Investigation Matters: Let’s Not Depend On Luck
Mar. 7, 2016 (Mimesis Law) — Greg Doucette, an attorney in Durham, North Carolina, recently did a good piece of work. His client was charged with reckless driving, a Class 2 misdemeanor. In a 43 part tweet barrage, Doucette explained what happened:
8. My YBM [young black male] client is charged with reckless driving to endanger, a very serious. [sic] He’s terrified. Cried in my office explaining situation.
9. Insisted he was just trying to avoid an animal that darted into the road, and swerved to the right.
10. I pull the shuck, and read the officer’s narrative of what happened: “Neighbor saw driver doing donuts in street, nearly hit wife.”…
11. Cont’d: “Skid marks show clear 360° circles. Driver claimed he was trying to avoid hitting cat.”
A “swearing contest” is when two witnesses give irreconcilable versions of events, and there is no evidence other than testimony to support either. The case then turns on the judge or jury’s evaluation of each witness’ credibility. All things being equal, it’s generally better for the defense to avoid swearing contests. A he-said/she-said battle between two civilian witnesses is not good. A swearing contest between a police officer and a civilian witness is bad. A swearing contest between a police officer and a defendant is the worst of all.
The reasons for this aren’t particularly complicated. Even if a jury is instructed that “a police officer’s testimony is to be judged by the same standards as any other witness,” there’s a subconscious assumption among most people that the police officers are “the good guys” and that defendants are “the bad guys.” In the absence of other evidence, their testimony is treated accordingly. And while the police officer has no apparent motive to lie, the same can’t be said of the defendant, who presumably doesn’t want to be convicted and, presumption of innocence aside, might be inclined to fudge the truth for his own criminal benefit.
So, from the defense’s perspective, a big part of working up a case is finding that “other evidence,” whether it’s photographs, eyewitnesses, or securing a valid alibi.
Doucette lucked out in that respect:
- Thankfully (how f*cking sad is it that “thankfully” is the appropriate word here?) his mom didn’t trust the officer, and took pics
- Which she kept, and sent to me
Money shot, indeed. Now it’s not a swearing contest anymore. Things worked out in this case for Doucette and his client:
21. The DA was kind enough to dismiss the case without putting up a fight.
Which, in itself, is a form luck, that Doucette was dealing with a reasonable DA. The prosecutor could have played hardball and refused to dismiss. Doucette and his client would have either had to plead or go to trial, and I’ll bet dollars to non-existent donut-shaped skid marks that had it gone to trial, the officer would have shown up and testified that the donut circles were in a different part of the road that couldn’t be seen in the photograph. Assuming Doucette knows how to cross a police officer and pick a jury, he probably would have won, but no guarantees.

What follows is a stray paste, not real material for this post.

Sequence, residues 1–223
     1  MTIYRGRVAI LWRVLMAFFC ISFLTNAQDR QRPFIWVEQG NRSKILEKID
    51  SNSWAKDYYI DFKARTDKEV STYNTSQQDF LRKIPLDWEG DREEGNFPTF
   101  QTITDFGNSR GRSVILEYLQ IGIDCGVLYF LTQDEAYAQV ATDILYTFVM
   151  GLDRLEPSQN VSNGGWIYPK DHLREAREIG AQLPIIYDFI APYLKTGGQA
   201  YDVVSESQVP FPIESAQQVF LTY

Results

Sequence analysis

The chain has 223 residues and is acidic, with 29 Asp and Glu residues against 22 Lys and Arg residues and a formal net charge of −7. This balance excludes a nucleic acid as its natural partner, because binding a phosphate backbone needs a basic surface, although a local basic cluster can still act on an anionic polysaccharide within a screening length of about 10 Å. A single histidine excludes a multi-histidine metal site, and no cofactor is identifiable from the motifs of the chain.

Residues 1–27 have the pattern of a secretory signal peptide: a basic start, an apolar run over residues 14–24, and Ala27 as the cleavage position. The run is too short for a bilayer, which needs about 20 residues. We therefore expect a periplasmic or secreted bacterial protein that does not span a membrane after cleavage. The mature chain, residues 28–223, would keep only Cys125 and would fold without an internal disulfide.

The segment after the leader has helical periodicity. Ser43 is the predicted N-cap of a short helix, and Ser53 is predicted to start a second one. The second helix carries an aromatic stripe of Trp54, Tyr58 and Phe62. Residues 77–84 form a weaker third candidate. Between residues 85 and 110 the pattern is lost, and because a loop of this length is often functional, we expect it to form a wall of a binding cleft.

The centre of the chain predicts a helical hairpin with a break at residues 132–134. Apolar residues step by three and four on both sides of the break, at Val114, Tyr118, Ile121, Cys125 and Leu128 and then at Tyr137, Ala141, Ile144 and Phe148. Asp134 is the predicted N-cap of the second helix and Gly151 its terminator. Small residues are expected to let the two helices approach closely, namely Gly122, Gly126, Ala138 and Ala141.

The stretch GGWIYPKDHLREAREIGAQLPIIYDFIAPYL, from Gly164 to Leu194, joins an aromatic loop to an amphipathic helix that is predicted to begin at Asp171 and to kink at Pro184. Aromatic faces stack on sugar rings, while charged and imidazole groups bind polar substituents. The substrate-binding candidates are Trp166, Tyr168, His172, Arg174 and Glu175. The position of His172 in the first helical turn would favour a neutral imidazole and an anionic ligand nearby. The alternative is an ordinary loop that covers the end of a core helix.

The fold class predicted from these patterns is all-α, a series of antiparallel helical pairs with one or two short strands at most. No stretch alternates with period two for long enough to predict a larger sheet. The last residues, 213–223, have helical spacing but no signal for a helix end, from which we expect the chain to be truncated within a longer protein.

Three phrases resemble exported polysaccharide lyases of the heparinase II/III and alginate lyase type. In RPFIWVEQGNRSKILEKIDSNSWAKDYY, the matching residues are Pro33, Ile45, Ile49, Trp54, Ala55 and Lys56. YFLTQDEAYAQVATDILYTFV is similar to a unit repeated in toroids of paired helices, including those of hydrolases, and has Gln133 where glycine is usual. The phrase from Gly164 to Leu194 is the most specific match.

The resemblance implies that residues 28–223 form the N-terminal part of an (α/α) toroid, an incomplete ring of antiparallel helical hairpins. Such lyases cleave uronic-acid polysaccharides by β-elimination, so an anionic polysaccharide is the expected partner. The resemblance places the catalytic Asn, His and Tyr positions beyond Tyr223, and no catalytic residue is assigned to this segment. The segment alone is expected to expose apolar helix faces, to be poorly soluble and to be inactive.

Zooming out to look at the larger picture: I’m not knocking Doucette or minimizing what his client went through, but as criminal cases go, this was a relatively minor one. And the good result was based on the fact that the defendant’s mother had the presence of mind to take photographs immediately after the accident. When defendants are facing more serious charges, they need a better option than depending on that sort of luck.
This is why one of the most important (and most frequently missing) arrows in a defense attorney’s quiver is unfettered access to auxiliary services. Far and away, the most important of these is the access to an investigator who works under the lawyer’s direction. Someone has to track down witnesses and interview them, take photographs of the crime scene, and locate people who need to be found.
The lawyer can attempt to do these things himself, but it’s a bad idea for two reasons: 1) things like photos and recording have to be authenticated by a witness, and a lawyer can’t be a witness in a case in which he’s serving as counsel, and 2) witnesses sometimes change their story between the time they’ve been interviewed, and someone other than the lawyer has to be available to testify to what they originally said.
In Doucette’s case, we’re talking about a traffic offense, and the defendant’s mom’s photography skills were enough to secure the key piece of evidence. When it’s something more serious or complicated, as more serious cases usually are, the difficulty of securing that evidence is squared and cubed. Often, the investigative function is not only critical, and exceptionally time consuming and complex. Imagine having to canvas a neighborhood, hundreds of people, to try to find a witness to an event, or to locate someone who observed something years earlier. The logistics alone can be overwhelming.
Yet, this can spell the different between conviction of an innocent defendant and acquittal. While the prosecution has police to do their legwork, the defense lawyer has, at best, an investigator, and at worst, no one but himself. If it has the ability to retain one. When defense lawyers have no opportunity to investigate cases on their own or (almost as bad) have to beg for funds from the judge, it just makes the uphill slope on the supposedly even playing field even steeper.